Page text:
According to recent research, people suffering from social anxiety may have a more difficult time correctly recalling social scenarios that end positively.If people remember positive social experiences negatively, their anxiety problem can be intensified. Specifically, individuals might have a more difficult time committing to new social events, which would further isolate them. Also, reporting their experiences to a therapist or to friends may bias the events.
Social anxiety has a number of different criteria including a persistent and intense fear or anxiety about specific social situations because they believe that they may be embarrassed, judged, or humiliated. This fear or anxiety then leads to avoiding anxiety-producing social situations or enduring them with intense fear or anxiety. There is also excessive anxiety that is out of proportion to the situation and this distress interferes with their daily life.
This study conducted by researchers at the University of Waterloo adds to a growing body of research about biased memories in those who have social anxiety. Previous work into memory biases as a result of anxiety is a growing field, but up until this point, the biases have only been recognized when studying negative memories. Researchers used a new paradigm to determine whether memories of positive scenarios can also be biased.
The study consisted of 197 participants that imagined ten specific non-social and social scenarios. These were not real or simulated scenarios but ones that they had to imagine after reading them. Participants had to self-report their social anxiety level before the experiment ensuring that the study had a mix of individuals who experience social anxiety regularly and those who don’t have any anxiety regarding social situations.
An example of a social scenario would be going on a date and your date gives you a compliment (positive outcome) or is rude (negative outcome). An example of a non-social scenario would be making dinner at home alone and it is delicious (positive outcome) or it tastes awful (negative outcome). The participants then needed to recall as many of the scenarios as they could and note whether they were positive or negative. They were also asked to recognize details from the various scenarios.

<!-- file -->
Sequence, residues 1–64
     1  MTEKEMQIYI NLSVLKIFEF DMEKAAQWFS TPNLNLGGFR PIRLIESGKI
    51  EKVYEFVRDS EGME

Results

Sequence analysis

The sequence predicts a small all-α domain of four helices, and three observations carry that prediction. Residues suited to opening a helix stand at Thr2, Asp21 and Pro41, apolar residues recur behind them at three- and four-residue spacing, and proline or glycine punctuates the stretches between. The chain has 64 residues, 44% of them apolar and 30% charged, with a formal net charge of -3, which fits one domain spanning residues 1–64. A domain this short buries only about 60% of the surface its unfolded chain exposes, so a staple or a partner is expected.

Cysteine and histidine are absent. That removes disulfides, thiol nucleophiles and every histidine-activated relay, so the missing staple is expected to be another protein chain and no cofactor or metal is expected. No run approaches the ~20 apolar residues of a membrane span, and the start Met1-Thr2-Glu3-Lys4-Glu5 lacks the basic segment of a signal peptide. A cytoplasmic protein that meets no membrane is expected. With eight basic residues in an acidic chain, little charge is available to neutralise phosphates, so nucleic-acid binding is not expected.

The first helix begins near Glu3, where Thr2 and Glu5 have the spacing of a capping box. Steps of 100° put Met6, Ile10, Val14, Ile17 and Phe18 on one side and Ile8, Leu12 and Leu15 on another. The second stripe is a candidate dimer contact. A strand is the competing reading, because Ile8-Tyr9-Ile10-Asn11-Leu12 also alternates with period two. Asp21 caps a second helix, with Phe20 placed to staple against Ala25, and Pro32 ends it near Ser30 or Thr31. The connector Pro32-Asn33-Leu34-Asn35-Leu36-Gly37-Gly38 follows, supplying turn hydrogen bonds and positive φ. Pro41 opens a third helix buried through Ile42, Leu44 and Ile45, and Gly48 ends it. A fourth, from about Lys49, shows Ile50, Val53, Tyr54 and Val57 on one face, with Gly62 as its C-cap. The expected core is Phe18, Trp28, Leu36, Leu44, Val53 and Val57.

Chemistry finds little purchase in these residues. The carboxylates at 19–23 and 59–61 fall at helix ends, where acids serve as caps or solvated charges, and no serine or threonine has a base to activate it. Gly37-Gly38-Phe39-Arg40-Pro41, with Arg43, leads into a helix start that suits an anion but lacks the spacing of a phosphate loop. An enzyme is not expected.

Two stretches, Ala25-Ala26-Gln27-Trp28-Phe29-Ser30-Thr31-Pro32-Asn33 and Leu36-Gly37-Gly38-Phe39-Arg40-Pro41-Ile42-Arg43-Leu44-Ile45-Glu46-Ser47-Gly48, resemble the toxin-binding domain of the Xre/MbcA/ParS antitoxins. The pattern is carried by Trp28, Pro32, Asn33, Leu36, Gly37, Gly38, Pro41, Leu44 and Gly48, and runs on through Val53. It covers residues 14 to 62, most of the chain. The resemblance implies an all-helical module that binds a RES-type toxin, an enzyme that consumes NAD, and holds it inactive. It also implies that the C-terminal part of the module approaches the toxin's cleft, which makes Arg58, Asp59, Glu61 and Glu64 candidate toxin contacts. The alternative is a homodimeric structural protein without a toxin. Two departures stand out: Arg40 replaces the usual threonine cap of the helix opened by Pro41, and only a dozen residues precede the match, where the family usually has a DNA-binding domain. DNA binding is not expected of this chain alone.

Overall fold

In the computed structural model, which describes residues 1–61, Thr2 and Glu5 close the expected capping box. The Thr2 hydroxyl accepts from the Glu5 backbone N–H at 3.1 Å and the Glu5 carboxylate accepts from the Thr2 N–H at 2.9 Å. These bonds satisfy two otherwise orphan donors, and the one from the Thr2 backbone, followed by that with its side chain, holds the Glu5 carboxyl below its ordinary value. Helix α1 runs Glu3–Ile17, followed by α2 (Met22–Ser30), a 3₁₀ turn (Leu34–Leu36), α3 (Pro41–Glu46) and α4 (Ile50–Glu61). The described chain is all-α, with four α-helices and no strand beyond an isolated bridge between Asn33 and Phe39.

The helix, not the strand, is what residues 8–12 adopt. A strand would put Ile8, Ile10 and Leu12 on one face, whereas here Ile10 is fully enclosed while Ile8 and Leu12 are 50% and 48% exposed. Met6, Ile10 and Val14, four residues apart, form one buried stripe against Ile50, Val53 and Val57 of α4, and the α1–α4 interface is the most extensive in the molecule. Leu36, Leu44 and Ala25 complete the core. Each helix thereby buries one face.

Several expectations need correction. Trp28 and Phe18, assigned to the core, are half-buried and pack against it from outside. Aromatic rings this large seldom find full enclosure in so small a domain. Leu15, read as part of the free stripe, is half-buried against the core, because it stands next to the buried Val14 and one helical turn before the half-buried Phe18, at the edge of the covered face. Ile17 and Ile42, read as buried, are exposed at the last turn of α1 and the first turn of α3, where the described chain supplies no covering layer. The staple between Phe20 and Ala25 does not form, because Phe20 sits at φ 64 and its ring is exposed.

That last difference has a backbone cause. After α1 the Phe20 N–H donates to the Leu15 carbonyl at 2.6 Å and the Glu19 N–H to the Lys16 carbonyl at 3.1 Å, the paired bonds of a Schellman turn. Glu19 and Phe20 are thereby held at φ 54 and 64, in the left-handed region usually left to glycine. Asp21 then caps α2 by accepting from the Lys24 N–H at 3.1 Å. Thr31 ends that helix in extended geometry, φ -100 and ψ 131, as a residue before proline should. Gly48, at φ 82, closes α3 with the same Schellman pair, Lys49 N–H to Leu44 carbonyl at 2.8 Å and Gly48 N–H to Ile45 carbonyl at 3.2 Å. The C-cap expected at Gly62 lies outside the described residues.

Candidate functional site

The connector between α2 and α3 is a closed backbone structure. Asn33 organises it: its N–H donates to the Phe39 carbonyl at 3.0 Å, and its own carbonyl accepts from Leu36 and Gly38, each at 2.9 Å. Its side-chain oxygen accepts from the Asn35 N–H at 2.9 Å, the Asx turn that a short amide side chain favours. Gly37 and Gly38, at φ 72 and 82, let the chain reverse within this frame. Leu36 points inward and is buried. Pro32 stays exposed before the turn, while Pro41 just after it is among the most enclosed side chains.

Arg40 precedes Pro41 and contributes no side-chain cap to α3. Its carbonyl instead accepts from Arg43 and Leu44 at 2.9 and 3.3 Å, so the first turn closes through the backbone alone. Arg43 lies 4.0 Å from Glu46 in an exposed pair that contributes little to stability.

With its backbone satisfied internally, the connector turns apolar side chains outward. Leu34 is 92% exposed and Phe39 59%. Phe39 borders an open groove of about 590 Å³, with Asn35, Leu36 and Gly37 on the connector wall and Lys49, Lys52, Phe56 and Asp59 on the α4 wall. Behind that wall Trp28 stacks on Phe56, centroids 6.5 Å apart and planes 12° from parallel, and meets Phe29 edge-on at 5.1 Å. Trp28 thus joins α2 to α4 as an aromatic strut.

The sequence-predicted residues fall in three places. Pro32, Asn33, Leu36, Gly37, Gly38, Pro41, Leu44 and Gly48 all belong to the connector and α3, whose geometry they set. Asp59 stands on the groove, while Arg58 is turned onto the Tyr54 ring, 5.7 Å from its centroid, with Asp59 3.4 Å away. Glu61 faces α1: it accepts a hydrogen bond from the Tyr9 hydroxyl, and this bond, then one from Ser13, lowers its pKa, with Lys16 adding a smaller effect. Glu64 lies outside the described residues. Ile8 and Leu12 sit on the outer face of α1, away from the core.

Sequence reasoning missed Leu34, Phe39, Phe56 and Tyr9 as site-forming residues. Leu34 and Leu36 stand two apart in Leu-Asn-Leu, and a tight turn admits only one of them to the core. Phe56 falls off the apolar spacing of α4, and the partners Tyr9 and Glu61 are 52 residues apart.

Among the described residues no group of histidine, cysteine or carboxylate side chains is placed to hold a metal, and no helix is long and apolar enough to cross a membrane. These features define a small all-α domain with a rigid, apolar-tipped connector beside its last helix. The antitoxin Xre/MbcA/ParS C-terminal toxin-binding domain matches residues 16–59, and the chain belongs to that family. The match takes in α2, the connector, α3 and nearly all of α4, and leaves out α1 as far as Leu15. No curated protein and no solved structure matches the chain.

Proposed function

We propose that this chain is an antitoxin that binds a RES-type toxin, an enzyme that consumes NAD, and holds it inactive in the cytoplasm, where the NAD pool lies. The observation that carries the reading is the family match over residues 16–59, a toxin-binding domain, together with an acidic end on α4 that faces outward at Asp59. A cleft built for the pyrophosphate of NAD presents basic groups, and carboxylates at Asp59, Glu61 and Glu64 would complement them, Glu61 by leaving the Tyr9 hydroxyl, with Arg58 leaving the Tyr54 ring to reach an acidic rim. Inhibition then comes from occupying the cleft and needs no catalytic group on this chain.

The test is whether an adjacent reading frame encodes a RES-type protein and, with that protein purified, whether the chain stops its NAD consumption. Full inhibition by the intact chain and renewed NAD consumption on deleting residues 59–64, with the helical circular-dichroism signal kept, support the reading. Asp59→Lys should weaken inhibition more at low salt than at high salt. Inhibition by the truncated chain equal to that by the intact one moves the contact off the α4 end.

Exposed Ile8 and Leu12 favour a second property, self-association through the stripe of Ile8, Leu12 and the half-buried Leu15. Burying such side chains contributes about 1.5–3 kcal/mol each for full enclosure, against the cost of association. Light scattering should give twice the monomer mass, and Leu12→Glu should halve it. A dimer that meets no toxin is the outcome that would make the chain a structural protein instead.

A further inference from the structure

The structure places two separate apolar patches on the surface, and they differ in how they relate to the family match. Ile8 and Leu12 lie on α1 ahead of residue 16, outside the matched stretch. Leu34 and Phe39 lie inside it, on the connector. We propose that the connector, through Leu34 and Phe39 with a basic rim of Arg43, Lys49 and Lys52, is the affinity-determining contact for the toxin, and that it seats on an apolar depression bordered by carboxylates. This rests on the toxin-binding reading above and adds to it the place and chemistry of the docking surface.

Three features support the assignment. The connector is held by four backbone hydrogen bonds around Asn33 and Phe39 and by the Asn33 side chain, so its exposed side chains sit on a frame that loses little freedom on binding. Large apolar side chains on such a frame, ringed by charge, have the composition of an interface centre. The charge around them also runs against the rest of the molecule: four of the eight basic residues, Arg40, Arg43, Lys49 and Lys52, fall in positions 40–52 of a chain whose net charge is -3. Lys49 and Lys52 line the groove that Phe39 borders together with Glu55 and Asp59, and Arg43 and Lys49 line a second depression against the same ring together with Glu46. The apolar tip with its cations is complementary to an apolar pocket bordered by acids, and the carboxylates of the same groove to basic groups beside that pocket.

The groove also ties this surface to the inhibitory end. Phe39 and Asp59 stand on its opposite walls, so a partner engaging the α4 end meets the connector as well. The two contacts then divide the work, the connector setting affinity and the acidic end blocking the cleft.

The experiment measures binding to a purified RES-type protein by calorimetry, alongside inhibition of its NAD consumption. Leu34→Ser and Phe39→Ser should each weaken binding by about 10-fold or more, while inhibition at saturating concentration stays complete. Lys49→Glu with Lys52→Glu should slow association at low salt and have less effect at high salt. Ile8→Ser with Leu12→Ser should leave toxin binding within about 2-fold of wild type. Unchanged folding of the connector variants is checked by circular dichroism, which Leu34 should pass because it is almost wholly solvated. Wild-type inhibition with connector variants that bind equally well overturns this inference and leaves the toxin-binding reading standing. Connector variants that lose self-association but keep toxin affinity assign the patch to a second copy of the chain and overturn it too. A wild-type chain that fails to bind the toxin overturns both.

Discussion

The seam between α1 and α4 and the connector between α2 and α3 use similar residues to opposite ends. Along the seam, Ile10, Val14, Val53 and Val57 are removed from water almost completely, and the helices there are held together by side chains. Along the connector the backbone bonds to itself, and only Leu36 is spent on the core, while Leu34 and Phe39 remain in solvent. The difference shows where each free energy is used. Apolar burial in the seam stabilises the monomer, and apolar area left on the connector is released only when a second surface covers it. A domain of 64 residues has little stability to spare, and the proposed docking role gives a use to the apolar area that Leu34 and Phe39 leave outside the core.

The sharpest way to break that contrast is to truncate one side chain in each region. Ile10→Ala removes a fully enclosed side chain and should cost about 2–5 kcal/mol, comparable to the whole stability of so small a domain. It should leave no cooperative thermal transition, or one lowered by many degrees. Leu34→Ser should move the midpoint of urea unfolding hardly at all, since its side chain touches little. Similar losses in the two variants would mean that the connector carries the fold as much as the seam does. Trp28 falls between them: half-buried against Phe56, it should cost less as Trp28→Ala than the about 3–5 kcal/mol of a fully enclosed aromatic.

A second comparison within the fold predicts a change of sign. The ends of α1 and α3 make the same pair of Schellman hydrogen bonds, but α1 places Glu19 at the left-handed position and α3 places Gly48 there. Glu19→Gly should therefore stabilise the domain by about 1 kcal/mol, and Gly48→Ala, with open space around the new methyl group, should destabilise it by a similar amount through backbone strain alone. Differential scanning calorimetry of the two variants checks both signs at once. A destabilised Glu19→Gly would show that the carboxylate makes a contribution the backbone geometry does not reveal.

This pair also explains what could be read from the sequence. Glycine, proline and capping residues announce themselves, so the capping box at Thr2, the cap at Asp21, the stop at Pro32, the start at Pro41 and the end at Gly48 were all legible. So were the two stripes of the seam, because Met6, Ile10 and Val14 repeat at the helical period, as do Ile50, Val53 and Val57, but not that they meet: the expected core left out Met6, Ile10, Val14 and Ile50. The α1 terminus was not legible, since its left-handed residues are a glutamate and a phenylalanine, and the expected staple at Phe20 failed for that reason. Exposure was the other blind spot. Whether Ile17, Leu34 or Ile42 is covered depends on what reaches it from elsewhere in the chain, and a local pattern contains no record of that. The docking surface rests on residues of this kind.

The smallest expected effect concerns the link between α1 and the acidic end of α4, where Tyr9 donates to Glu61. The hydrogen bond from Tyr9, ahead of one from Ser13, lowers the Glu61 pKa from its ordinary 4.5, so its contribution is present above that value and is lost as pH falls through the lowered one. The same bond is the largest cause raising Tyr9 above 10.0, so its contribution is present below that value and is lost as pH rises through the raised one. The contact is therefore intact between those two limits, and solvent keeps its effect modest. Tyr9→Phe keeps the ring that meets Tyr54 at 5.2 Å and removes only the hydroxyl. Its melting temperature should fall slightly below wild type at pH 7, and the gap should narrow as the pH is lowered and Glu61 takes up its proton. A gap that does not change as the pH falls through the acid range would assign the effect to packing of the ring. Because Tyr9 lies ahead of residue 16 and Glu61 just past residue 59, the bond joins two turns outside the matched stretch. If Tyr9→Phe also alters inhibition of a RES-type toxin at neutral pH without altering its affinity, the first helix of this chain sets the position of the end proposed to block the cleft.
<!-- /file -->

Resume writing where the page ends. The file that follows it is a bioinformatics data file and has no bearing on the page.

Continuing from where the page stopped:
After the tests, the memory performance was compared for each individual. The comparisons were based on who was able to correctly remember positive and negative scenarios (social and non-social). They found that regardless of the anxiety level reported, all participants had similar performances for recalling non-social scenarios. In other words, most participants were able to recall whether the scenarios were positive or negative.
However, when participants reported higher levels of social anxiety, their memory recall was worse when the social scenarios resulted in a positive outcome. The researchers speculate that positive memories are not as easily recalled because they do not conform to the negative social mindset that they hold. Interestingly, these individuals did not have better memory recall for scenarios that ended negatively.
These results show that it may be especially difficult to treat social anxiety since all memories are often biased. For most people with social anxiety, medications and psychotherapy are used for treatment. But, some people do not respond positively to medication so psychotherapy is required to help the individual feel some relief from the anxiety. However, this research now shows that memories of social scenarios are often biased, making it difficult to understand and find situations in the individuals life that were actually positive. The goal of psychotherapy is often to learn to recognize the negative thoughts and to change them by using skills developed in therapy. But, if the individual is not able to distinguish positive and negative memories, it can make it much more difficult.
However, this research is not without its caveats. This novel memory testing paradigm was useful for measuring memory performance during a set of scenarios, but it was not possible to assess the participants’ own memories. The researchers state that they would be interested in a follow up to determine whether the results would be different or similar if the participants were asked to remember their own positive or negative scenarios that are social and non-social. Then, the researchers would be able to make more conclusions about whether social anxiety is related to biases in memories for real-life positive social information as well.